Spike did not answer in words, but he leered upon his companion, and he winked.
“You mean to be understood that you are in intelligence with each other, I suppose, Don Esteban,” returned the Senor Montefalderon, who did not like the captain’s manner, and was willing to drop the discourse.
Spike then informed his companion, in confidence, that he and Rose were affianced, though without the aunt’s knowledge,—that he intended to marry the niece the moment he reached a Mexican port with the brig, and that it was their joint intention to settle in the country. He added that the affair required management, as his intended had property, and expected more, and he begged Don Juan to aid him, as things drew near to a crisis. The Mexican evaded an answer, and the discourse dropped.
The moon was now shining, and would continue to throw its pale light over the scene for two or three hours longer. Spike profited by the circumstance to continue the work of lightening the schooner. One of the first things done next was to get up the dead, and to remove them to the boat. This melancholy office occupied an hour, the bodies being landed on the islet, near the powder, and there interred in the sands. Don Juan Montefalderon attended on this occasion, and repeated some prayers over the graves, as he had done in the morning, in the cases of the two who had been buried near the light-house.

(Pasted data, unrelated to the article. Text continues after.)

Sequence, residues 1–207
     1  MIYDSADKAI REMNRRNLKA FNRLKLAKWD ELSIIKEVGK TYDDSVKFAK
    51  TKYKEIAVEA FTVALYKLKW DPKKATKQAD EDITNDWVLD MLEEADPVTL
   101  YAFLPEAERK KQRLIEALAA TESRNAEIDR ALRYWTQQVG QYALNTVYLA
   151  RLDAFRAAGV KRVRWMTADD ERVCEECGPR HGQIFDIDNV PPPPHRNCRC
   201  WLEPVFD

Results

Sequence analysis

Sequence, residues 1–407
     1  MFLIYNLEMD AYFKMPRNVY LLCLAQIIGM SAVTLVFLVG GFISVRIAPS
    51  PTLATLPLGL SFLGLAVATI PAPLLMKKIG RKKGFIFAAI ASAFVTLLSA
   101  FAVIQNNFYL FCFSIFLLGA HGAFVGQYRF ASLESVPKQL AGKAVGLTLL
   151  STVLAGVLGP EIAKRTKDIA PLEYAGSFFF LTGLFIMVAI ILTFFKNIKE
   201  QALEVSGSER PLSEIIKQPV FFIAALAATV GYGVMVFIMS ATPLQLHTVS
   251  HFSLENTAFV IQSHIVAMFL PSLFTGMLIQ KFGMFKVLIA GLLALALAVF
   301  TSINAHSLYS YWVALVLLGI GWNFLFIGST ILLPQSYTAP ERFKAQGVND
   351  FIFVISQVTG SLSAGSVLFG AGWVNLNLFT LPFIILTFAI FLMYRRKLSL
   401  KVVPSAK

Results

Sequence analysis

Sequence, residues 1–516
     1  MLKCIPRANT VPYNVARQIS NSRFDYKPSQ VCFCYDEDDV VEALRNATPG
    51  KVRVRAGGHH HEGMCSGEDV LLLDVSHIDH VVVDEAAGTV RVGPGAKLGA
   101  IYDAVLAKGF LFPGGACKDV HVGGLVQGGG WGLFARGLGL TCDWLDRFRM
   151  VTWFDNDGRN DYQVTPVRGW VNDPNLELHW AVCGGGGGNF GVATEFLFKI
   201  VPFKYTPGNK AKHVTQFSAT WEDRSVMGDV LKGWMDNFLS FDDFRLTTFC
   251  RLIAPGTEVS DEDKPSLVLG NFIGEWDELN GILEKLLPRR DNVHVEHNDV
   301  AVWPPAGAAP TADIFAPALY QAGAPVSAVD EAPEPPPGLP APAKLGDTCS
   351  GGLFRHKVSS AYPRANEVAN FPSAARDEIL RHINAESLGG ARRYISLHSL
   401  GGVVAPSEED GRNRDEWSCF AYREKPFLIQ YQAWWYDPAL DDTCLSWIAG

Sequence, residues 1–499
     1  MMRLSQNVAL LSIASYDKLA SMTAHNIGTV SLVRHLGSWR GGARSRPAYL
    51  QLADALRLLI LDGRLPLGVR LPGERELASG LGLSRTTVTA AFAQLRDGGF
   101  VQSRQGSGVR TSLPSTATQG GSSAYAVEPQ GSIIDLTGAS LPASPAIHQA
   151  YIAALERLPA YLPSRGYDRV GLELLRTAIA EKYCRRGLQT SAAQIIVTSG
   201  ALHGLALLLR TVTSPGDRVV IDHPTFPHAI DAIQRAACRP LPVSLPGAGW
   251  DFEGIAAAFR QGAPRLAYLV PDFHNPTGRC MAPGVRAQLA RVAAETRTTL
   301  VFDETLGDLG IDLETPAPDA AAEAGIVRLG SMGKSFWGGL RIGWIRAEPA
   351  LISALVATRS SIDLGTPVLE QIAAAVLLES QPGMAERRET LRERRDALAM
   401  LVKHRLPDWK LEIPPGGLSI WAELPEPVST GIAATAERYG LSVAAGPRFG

While this melancholy duty was in the course of performance, that of pumping and bailing was continued, under the immediate personal superintendence of Mulford. It would not be easy to define, with perfect clearness, the conflicting feelings by which the mate of the Swash was now impelled. He had no longer any doubt on the subject of Spike’s treason, and had it not been for Rose, he would not have hesitated a moment about making off in the light-house boat for Key West, in order to report all that had passed to the authorities. But not only Rose was there, and to be cared for, but what was far more difficult to get along with, her aunt was with her. It is true, Mrs. Budd was no longer Spike’s dupe; but under any circumstances she was a difficult subject to manage, and most especially so in all matters that related to the sea. Then the young man submitted, more or less, to the strange influence which a fine craft almost invariably obtains over those that belong to her. He did not like the idea of deserting the Swash, at the very moment he would not have hesitated about punishing her owner for his many misdeeds. In a word, Harry was too much of a tar not to feel a deep reluctance to turn against his cruise, or his voyage, however much either might be condemned by his judgment, or even by his principles.
It was quite nine o’clock when the Senor Montefalderon and Spike returned from burying the dead. No sooner did the last put his foot on the deck of his own vessel, than he felt the fall of one of the purchases which had been employed in raising the schooner. It was so far slack as to satisfy him that the latter now floated by her own buoyancy, though it might be well to let all stand until morning, for the purposes of security. Thus apprised of the condition of the two vessels, he gave the welcome order to “knock off for the night.”